Boom of Medical Marijuana Research on the Horizon as DEA Loosens Restrictions
Head of the Multidisciplinary Association for Psychedelic Studies (MAPS) Rick Doblin has been working on getting marijuana approved as a medicine for years, and recently announced the Drug Enforcement Administration (DEA) is starting to open up to the idea of licensing more than one producer of cannabis product for research.
The only organization with exclusive control over the legal supply of marijuana is the National Institute on Drug Abuse (NIDA) which gets its supply from a single contractor at the University of Mississippi. NIDA has had a monopoly on research-grade marijuana for over 48 years now. MAPS was in a legal battle for over 10 years just to break the NIDA monopoly, which was instrumental in entering the industry and receiving approval from the Food and Drug Administration (FDA).
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The problem with NIDA was not just the fact that the quality and variety available from them was limited, but also that there was little to no enthusiasm for studies that could demonstrate the positive qualities of cannabis. It only showed the negative ones. Additionally, NIDA’s marijuana is only available for research, and not for sale to patients following FDA approval.
“The FDA requires that the Phase III studies be conducted with the exact same drug that the sponsor of the research is trying to market,” Doblin explained in a recent interview on the Pacifica drug policy show Century Lies. “So as long as the NIDA policy was in existence, FDA would never accept its marijuana for use in Phase III.”
MAPS is about to start a Phase II study of the use of marijuana as treatment for post-traumatic stress disorder. However, because they have to use the marijuana provided by NIDA, their studies are limited.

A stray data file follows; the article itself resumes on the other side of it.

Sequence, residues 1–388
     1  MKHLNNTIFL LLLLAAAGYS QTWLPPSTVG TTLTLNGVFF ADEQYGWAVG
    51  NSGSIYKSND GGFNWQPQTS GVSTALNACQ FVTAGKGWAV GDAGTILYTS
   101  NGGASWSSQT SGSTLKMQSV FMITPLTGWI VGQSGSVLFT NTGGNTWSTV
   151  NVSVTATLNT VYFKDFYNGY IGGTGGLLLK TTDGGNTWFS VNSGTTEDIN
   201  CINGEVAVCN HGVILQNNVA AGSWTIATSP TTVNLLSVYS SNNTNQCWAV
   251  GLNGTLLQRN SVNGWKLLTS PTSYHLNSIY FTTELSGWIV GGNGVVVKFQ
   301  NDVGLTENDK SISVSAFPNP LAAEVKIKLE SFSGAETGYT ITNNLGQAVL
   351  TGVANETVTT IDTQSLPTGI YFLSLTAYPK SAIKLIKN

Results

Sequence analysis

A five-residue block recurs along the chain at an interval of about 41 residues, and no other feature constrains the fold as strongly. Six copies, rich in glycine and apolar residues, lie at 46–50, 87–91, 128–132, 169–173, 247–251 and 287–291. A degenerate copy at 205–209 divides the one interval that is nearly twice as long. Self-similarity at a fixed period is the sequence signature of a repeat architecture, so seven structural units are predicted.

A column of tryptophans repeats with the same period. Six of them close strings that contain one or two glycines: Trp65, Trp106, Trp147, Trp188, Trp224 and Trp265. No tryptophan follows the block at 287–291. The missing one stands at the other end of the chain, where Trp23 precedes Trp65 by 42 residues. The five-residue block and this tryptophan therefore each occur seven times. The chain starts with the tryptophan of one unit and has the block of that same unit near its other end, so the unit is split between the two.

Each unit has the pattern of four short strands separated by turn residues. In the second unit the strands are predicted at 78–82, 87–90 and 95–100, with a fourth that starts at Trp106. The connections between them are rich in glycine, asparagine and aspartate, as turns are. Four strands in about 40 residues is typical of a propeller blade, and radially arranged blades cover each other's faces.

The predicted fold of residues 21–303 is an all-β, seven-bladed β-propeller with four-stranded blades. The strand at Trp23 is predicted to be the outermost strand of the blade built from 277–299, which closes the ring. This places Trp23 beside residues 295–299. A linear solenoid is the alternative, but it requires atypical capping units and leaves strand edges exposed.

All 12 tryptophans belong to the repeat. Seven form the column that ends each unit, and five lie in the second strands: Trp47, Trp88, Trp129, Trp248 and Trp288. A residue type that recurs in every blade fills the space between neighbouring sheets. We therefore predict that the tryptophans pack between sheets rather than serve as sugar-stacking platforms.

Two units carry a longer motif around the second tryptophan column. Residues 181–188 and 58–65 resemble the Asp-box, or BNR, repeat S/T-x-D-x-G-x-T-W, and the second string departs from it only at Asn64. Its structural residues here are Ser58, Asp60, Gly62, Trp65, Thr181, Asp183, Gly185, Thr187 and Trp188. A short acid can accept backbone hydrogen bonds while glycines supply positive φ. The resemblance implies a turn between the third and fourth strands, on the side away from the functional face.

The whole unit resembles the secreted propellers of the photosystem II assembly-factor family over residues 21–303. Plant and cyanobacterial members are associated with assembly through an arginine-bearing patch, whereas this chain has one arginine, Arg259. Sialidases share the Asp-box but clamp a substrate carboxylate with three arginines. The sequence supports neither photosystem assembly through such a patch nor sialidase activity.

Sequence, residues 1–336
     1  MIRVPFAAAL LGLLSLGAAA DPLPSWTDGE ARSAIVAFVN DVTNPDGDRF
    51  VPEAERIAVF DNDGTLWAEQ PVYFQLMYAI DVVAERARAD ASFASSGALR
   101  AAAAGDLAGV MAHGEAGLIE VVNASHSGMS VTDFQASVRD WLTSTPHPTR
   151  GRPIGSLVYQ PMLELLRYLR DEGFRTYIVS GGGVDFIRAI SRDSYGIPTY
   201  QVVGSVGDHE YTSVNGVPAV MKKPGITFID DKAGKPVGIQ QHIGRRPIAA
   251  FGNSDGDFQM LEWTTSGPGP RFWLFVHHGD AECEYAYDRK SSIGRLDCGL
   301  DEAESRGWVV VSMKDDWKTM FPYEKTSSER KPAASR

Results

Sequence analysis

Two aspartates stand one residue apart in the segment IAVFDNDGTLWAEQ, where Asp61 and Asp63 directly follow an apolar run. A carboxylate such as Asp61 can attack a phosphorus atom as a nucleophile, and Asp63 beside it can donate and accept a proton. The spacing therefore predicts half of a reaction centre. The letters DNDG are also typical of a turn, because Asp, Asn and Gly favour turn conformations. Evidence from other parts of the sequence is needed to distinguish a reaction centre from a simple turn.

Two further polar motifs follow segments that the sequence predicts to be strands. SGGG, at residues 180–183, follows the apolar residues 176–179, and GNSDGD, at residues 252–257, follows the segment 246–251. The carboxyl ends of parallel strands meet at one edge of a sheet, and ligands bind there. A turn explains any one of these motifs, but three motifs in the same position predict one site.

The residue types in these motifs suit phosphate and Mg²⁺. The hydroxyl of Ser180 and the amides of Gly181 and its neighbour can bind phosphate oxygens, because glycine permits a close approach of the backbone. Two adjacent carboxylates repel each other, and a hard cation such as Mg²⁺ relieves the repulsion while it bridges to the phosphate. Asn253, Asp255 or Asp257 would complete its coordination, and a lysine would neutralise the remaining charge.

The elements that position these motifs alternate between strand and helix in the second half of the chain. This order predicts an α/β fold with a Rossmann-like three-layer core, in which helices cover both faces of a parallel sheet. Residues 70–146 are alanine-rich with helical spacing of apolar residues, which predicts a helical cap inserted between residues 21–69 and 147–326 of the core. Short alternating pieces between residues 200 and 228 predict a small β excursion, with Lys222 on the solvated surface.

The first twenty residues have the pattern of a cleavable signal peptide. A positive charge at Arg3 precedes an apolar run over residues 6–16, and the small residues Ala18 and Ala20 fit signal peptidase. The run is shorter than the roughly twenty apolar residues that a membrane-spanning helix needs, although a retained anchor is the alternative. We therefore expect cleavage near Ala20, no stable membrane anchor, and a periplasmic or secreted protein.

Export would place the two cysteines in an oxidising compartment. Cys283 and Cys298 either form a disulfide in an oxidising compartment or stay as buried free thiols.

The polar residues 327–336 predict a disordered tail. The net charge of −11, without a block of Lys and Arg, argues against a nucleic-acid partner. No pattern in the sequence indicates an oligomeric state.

Since federally approved researchers are prohibited from purchasing their supply from state-licensed providers in Colorado or Washington, NIDA is the only legal source for procuring the needed materials.
This has become extremely problematic for the research company, as MAPS could not get all the different strains it needed for the study because they were unavailable from NIDA. MAPS required one strain with 12 percent THC and 12 percent cannabidiol, but were unable to obtain it as NIDA does not produce it.
Thanks to the DEA’s new decision to authorize other legal growers with more variety and initiative, companies and institutions like MAPS can apply for contracts with these suppliers in order to be able to ensure the marijuana they use in their studies and experimentation is the same they would plan to make available for the development of marijuana medication.
Doblin has expressed his frustration toward the federal government on several occasions. He complained that on the one hand, the government has said there is not enough evidence to support claims that marijuana is not as harmful as most people believe, but on the other hand, the government has not given researchers the opportunity to prove otherwise.
“And so,” said Doblin, “now the DEA says they’ll end the NIDA monopoly, that evidence can be gathered…It’s going to take four to six years, it could be $15 to $25 million to gather it. But at least it’s possible now, whereas before it was not possible.”